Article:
Presidential transition begins, WHO sees virus restrictions in 2021, and Bitcoin rallies.
It's three weeks since the election and President-elect Joe Biden has finally gained access to government agencies and officials after the General Services Administration acknowledged him as the apparent winner of the vote. The move from the GSA came after Michigan certified Biden as the winner, President Donald Trump suffered fresh legal setbacks and pressure grew from Republican senators to get the process under way. The big news from the Biden camp yesterday was the selection of former Fed Chair Janet Yellen as Treasury secretary, a move seen as signaling he plans to go big on stimulus.
The World Health Organization’s chief scientist said that people will need to take precautions for the next year as countries need time to vaccinate their populations. The global travel industry meanwhile is pushing for so-called Covid passports that would allow travelers to demonstrate their virus-free status. The U.K. is moving to end its current lockdown at the start of December while Greater Los Angeles reintroduces additional measures from tomorrow night as cases surge. Bloomberg has launched its Covid Resilience Ranking showing the best and worst places to be in the pandemic era.
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Bitcoin rally, gold slump
The rapid rise of Bitcoin continued this morning, passing $19,000 for the first time since 2017. The rally has been accompanied by the usual collection of further price rises, with Tom Fitzpatrick, a strategist at Citigroup Inc., saying earlier this month the token could potentially reach as high as $318,000. There's less good news for lovers of more traditional economic-curmudgeon plays with gold dropping for a second day to trade at $1,815 an ounce by 5:50 a.m. Eastern Time.
Stock investors are welcoming the start of the transition and news that Yellen will head the Treasury Department. Overnight the MSCI Asia Pacific Index added 1% while Japan's Topix index closed 2% higher. In Europe the Stoxx 600 Index gained 0.5% by 5:50 a.m. with oil stocks by far the best performers. S&P 500 futures pointed to more green at the open, the 10-year Treasury yield was at 0.862% and oil was at $43.50 a barrel.
U.S. house price data for September is at 9:00 a.m., with Consumer Confidence and Richmond Fed manufacturing for November at 10:00 a.m. The U.S. sells $56 billion of 7-year notes at 1:00 p.m. St. Louis Fed President James Bullard and New York Fed President John Williams speak later. It's a big day for earnings with Dell Technologies Inc., Best Buy Co., Inc. and Tiffany & Co. among the many companies reporting today.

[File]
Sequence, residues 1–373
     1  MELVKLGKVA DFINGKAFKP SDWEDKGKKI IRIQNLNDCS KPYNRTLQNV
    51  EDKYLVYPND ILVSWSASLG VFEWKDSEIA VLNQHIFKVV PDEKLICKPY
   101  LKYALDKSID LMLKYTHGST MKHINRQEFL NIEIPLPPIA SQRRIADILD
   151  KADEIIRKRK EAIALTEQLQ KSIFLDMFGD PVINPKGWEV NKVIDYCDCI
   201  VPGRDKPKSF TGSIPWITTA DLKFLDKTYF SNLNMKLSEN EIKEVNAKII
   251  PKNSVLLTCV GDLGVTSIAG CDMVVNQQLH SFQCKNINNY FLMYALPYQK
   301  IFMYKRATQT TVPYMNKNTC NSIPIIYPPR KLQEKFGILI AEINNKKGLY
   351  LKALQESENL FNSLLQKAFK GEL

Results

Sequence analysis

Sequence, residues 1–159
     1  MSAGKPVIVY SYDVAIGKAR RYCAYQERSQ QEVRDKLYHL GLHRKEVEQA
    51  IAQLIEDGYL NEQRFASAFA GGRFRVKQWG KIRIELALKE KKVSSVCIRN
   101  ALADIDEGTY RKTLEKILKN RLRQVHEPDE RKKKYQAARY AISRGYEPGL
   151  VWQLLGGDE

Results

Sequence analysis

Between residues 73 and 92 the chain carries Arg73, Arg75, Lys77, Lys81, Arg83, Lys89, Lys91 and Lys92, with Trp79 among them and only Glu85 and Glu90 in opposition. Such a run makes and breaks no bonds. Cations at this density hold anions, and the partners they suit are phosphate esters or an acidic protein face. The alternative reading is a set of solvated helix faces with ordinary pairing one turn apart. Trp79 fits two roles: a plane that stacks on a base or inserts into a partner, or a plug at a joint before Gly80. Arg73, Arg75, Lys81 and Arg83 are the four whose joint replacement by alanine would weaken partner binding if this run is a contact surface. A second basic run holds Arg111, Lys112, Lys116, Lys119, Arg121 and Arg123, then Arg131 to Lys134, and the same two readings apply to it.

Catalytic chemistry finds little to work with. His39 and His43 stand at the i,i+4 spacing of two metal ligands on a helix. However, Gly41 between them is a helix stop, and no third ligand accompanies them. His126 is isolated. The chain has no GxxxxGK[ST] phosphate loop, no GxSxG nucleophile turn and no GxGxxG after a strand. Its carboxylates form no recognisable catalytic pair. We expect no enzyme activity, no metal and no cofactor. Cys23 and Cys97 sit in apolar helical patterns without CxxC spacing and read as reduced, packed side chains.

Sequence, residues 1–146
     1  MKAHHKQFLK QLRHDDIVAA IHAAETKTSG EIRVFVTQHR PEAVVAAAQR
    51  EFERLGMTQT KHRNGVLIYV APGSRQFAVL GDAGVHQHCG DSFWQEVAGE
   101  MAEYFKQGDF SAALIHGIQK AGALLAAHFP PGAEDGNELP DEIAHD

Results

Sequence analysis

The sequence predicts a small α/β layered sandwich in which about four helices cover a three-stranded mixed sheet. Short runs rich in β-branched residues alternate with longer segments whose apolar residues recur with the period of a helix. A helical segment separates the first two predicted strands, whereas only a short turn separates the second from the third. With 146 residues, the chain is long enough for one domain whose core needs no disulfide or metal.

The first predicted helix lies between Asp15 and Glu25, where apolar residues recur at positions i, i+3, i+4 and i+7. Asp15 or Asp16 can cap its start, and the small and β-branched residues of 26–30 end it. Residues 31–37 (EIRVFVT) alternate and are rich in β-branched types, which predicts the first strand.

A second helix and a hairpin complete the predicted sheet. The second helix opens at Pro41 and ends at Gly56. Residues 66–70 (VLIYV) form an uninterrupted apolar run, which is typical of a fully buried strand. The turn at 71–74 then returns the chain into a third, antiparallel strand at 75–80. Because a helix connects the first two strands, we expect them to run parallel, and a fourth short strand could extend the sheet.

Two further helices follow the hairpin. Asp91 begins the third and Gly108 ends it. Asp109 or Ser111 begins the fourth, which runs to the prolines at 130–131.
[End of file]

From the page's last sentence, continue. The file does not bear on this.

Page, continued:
What we've been reading
This is what's caught our eye over the last 24 hours.
And finally, here’s what Joe's interested in this morning
Stocks jumped yesterday afternoon once it was confirmed that President-elect Joe Biden planned to nominate former Fed Chair Janet Yellen to be Treasury Secretary. The Wall Street take on Yellen is that she's supremely qualified, extremely competent, a known quantity, of a generally dovish bent, and someone who will work well alongside the Fed, during a period where there's more focus than ever on fiscal-monetary coordination.
So here's three quick things to think about:
1. Her reputation as an uber-dove may be somewhat exaggerated. She started raising rates at the end of 2015 when the unemployment rate was over 5%. Since the unemployment rate dropped as low at 3.5% before the virus hit, and since we never really saw particularly rapid wage growth (let alone inflation) during this time, there's good reason to think that hike wasn't necessary, and that there was still considerable labor market slack. Same with the hikes throughout 2017.
2. Furthermore the hawk/dove framework isn't so useful when talking about a Treasury Secretary. When we talk about hawks and doves on the FOMC, we're talking about how they weight employment and inflation within the dual mandate. The Fed is always turning a dial this way or that to get everything into balance. But the Treasury doesn't have an easy "tax and spend" dial to turn. If Yellen wanted to come in and help craft a mega stimulus that blows out the deficit, that'd be great, but the only thing that really matters is what can pass the Senate. And so then we're talking about what kind of deals she can strike with Mitch McConnell or — depending on what happens with the Georgia runoffs — the slimmest possible majority where Joe Manchin is the deciding vote. So thinking about how you get the best budget with that political reality is just a very different thing than weighing inflation and employment in the setting of monetary policy.
3. Olivier Blanchard tweeted that Yellen was a great appointment because this is a time where fiscal and monetary policy makers must work together. There's little reason to doubt that she and Powell will work very well together. And after last week's drama with Mnuchin asking for the return of unused Cares Act money, this is a topic high on people's minds. However, it's likely that fiscal-monetary coordination is an overrated issue here.
Sure, Yellen probably wouldn't have asked for the Cares money back, but the key word there is "Cares" which was an act passed by Congress. So again, the challenge isn't going to be working with Powell, the challenge will be working with Congress, and actually passing bills that boost the economy.
Joe Weisenthal is an editor at Bloomberg.
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